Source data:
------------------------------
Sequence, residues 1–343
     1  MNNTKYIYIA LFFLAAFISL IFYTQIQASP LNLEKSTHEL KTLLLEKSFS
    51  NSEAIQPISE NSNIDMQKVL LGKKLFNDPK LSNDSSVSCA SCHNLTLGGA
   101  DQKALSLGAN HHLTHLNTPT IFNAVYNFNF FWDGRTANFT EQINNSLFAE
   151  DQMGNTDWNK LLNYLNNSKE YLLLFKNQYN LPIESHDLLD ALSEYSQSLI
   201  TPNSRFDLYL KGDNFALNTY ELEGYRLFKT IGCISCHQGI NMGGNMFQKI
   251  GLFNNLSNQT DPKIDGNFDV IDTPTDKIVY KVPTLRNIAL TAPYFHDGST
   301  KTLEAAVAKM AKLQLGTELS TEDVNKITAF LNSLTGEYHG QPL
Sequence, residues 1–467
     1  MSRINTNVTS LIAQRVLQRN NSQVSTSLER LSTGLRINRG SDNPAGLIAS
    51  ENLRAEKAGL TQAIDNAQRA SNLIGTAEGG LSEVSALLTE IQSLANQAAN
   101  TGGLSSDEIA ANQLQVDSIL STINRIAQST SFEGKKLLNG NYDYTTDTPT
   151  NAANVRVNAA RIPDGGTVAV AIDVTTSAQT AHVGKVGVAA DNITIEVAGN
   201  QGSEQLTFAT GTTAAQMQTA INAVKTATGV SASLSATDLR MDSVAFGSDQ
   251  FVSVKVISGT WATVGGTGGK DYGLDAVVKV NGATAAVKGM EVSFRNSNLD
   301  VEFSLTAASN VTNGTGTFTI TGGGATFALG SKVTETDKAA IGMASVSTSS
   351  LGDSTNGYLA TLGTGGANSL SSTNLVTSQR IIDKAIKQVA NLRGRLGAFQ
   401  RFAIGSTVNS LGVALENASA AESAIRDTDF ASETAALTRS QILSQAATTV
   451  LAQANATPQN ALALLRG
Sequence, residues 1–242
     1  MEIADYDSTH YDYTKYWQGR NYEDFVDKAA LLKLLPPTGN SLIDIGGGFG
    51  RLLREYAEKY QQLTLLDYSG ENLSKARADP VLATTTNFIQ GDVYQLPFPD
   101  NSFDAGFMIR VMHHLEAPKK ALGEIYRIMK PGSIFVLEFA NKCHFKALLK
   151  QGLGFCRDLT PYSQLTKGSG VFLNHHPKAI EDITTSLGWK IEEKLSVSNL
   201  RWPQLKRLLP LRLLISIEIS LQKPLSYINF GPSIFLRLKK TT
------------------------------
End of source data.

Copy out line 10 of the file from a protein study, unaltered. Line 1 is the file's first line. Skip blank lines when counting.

     1  MSRINTNVTS LIAQRVLQRN NSQVSTSLER LSTGLRINRG SDNPAGLIAS